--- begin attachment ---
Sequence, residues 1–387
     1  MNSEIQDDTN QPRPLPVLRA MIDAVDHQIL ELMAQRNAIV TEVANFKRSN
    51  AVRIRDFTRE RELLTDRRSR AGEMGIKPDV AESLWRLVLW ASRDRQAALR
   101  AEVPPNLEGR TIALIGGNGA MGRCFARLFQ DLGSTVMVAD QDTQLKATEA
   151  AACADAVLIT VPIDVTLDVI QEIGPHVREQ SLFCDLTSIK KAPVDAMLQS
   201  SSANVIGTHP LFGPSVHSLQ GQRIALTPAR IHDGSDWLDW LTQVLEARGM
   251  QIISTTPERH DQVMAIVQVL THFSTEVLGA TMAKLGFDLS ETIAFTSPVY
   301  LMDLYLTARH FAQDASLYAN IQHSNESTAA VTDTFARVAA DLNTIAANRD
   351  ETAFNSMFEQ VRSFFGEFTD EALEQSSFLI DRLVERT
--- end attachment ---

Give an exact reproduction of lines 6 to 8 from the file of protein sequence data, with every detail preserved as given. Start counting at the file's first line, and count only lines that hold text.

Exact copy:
   201  SSANVIGTHP LFGPSVHSLQ GQRIALTPAR IHDGSDWLDW LTQVLEARGM
   251  QIISTTPERH DQVMAIVQVL THFSTEVLGA TMAKLGFDLS ETIAFTSPVY
   301  LMDLYLTARH FAQDASLYAN IQHSNESTAA VTDTFARVAA DLNTIAANRD